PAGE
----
Recipe by Mirj
This cake was first written up in the Jerusalem Post back in 1999 by my friend Judy Montagu. It has not fat added to it and relies chiefly on the natural oil contained in orange peel. I made this cake back when it first appeared in the paper but have forgotten about it in the last few years. Thankfully, Judy wrote up about it again, and here it is.
Top Review by Dorie's Lori
I took this cake to our cousin's house tonight, and although 5 of 6 people said they liked it, no one had seconds. It was a very moist cake, with a different texture - most similar to very moist corn breads, but different, too. It smelled heavenly! The recipe didn't specify what kind of orange to use; I used a navel and though the flavor was fine, I wouldn't consider it "very" orange. Perhaps another kind of orange would flavor it more strongly. I did add a few spoons of OJ to help in processing the orange. Also, the pan size or type was not specified, and not knowing what to expect about rising, I baked it in a 9x9 glass dish. Although thin, I baked it just over 30 minutes, and the top was barely turning "golden" but it seemed done anyway. This cake doesn't rise very much, so an 8x8 would probably work, but it would probably need longer to bake. This cake was really fun to make; I loved the idea of processing the orange whole. But, in the end, although I thought it was OK, I probably wouldn't make it the same way again. Might play with this recipe though :D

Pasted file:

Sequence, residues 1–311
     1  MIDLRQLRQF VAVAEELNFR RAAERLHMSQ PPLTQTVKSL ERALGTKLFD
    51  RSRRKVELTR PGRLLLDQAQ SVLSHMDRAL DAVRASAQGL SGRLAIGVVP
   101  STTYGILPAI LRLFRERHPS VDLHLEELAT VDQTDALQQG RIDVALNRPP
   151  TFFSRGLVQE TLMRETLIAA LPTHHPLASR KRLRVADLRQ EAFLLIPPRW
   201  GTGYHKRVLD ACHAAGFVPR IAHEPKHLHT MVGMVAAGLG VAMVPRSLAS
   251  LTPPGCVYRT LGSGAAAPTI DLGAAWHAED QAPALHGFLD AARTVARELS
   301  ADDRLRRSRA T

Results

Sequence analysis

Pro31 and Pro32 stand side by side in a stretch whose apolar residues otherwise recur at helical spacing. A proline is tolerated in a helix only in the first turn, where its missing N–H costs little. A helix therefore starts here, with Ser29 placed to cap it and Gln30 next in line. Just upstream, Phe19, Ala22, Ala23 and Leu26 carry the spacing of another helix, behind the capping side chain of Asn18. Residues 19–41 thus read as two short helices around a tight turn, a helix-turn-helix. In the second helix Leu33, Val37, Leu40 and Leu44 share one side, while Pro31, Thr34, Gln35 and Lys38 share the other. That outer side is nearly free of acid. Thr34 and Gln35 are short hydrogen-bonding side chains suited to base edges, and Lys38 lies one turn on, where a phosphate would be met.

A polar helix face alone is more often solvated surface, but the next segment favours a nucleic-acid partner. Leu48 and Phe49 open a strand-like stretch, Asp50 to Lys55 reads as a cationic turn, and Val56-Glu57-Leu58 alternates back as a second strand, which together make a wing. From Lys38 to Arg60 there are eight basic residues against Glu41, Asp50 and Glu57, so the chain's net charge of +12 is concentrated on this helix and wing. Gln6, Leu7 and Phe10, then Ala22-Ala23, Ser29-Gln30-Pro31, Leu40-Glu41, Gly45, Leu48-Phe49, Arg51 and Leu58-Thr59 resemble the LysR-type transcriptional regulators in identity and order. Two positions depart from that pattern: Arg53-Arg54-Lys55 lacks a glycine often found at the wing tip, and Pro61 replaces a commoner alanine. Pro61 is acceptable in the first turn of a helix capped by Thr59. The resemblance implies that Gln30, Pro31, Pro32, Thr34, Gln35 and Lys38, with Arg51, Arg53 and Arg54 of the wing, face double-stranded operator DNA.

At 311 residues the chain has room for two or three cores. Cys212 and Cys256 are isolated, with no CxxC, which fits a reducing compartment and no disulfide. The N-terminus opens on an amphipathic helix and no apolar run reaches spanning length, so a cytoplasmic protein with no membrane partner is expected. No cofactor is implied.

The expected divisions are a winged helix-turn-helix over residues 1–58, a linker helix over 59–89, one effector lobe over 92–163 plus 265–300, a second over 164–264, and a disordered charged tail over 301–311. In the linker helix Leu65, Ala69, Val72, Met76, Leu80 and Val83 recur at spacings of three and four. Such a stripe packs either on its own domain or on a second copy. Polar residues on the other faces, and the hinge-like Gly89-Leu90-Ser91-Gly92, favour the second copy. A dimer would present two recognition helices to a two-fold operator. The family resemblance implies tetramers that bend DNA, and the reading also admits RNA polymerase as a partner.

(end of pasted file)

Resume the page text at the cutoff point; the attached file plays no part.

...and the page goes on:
- 1⁄2 cup self-raising flour
- 1 cup sugar (or a bit less)
- 4 eggs
- 1 whole orange, including peel, well scrubbed
Directions See How It's Made
- Preheat the oven to 350 degrees F.
- Quarter the orange and remove only the pits and center pith.
- Pulp it in the food processor until smooth. (If it isn't very juicy, you can add a tablespoon or two of orange juice.)
- Beat the eggs well with the sugar, add the orange and the flour until blended.
- Bake for 20-30 minutes, or until the top turns golden.